The dream Chris Blair had on the eve of his first real day as LSU’s Voice of the Tigers involved him messing things up.

Maybe he mispronounced a name or misread the score or bungled the batting order.

It didn’t involve him forgetting to bring his scorebook to Alex Box Stadium.

So what did he do Friday? He forgot to bring his scorebook to Alex Box Stadium.

“I already committed one error,” a smiling Blair said.

LSU opened the 2016 baseball season Friday against Cincinnati on a crisp, cloudless night.

There was another debut some 50 feet above home plate. The 41-year-old Blair began his career as the Voice of the Tigers, replacing longtime play-by-play man Jim Hawthorne.

“Hello, everybody!” he boomed, some of his first words in the 30-minute pregame radio broadcast.

“The seal is broken,” Blair joked off the air, during the first commercial break.

“Sounded good, buddy,” Doug Thompson, the new color analyst and a former LSU pitcher, told Blair.

For this self-proclaimed radio-station rat, it has been a long time coming. Blair grew up hanging in his father’s Kentucky radio stations, held small roles in radio stations in South Carolina and spent the past decade as play-by-play announcer at Georgia Southern.

LSU announced his hiring in June, and he arrived in Baton Rouge in December — two months before opening day, his first true call.

That came at 7:07 p.m. Friday. Cincinnati left fielder R.J. Thompson swatted at LSU lefty Jared Poché’s first pitch of the game — and the season — popping up a fastball to center field.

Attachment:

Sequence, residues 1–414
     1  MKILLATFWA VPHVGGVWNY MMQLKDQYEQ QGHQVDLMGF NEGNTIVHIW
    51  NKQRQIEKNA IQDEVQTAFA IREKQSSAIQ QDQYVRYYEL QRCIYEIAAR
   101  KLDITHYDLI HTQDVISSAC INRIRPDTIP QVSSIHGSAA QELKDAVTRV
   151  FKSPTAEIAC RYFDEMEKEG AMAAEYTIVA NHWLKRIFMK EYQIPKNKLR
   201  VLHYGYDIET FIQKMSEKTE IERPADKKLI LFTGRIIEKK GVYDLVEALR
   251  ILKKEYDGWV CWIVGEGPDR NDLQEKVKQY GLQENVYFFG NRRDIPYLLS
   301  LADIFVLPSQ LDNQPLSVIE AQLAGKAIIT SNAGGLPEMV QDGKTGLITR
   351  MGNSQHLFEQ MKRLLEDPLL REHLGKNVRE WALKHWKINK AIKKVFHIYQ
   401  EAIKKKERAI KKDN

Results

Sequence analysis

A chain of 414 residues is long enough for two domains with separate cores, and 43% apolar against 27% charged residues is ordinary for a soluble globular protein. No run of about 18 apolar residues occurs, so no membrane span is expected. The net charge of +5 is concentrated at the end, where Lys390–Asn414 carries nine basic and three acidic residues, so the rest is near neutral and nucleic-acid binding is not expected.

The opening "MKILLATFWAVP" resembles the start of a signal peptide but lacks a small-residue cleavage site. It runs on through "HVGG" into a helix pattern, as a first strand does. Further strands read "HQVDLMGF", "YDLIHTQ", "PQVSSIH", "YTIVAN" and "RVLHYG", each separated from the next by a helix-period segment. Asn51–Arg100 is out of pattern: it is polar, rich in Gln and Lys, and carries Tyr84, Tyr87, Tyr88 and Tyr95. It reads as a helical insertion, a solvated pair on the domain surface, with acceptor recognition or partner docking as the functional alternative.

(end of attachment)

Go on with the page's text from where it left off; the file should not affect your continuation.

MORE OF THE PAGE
“Smoked high into the air!” Blair yelled. “Jake Fraley’s got a bead on it.”

And, with that, Blair slipped into Hawthorne’s shoes. Hawthorne is scheduled to complete the men’s basketball season before retiring after more than 30 years. Blair takes over calling football and men’s basketball in the fall.

Blair came prepared Friday — well, except for that scorebook.

Seated in the chair Hawthorne occupied, Blair’s spread was before him: a roll of Scotch tape, his headsets, an iPad (he keeps score on that as well), stacks of stats and notes, self-made lineup cards (he has used the same ones for a decade), a black binder with advertisement readings, binoculars and that thick scorebook.

Wait, the scorebook made it?

“You going to give him some ink?” he asked a reporter, pointing to Brad Morales, an account executive at LSU.

About an hour before first pitch, Morales drove the short distance from Alex Box Stadium across Nicholson Drive to Blair’s office to retrieve the scorebook. Morales arrived to find Blair’s office door ajar.

“See,” Blair said, “I left in a hurry. Just ran out.”

Ah, opening night. Things didn’t go perfectly — and they never do, right?

Blair arrived at the stadium at about 4:15 p.m. and spent the first 30 minutes devising a plan to get game passes to his family. About an hour later, wife Amber and children Crafton and Rivers made it inside for what eventually evolved into a jam-packed Alex Box.

It was Blair’s first LSU baseball experience. He had only heard stories from friends.

Those friends have turned into needy friends as of late.

“Everyone I know texted me, ‘If I come to Baton Rouge, can you get me tickets? It’s on my bucket list,’ ” Blair said, smiling.

Blair hopes his father will make it in for a game one day. For now, Pop will have to make do with listening to his son. Steve Blair planned to listen to Friday’s game from his car parked in his garage, the dial tuned to WWL.

“Old radio guy,” Chris said, laughing.

The Blair family is oh so familiar with WWL. Blair’s grandfather, a coal engineer, fell asleep many nights with that station buzzing on his leather-bound RCA AM radio.

In the next room, Blair’s dad listened in, too.

“My dad could remember listening to WWL every night as a kid,” Blair said. “He’d always say that he was amazed that he was seated in the mountains of eastern Kentucky and people in New Orleans were talking to him.”

Now here’s his son, an hour northwest, his booming voice filling those same airways, his father still listening intently.

“I wouldn’t trade it,” Chris said, “for the world.”

Follow Ross Dellenger on Twitter, @RossDellenger.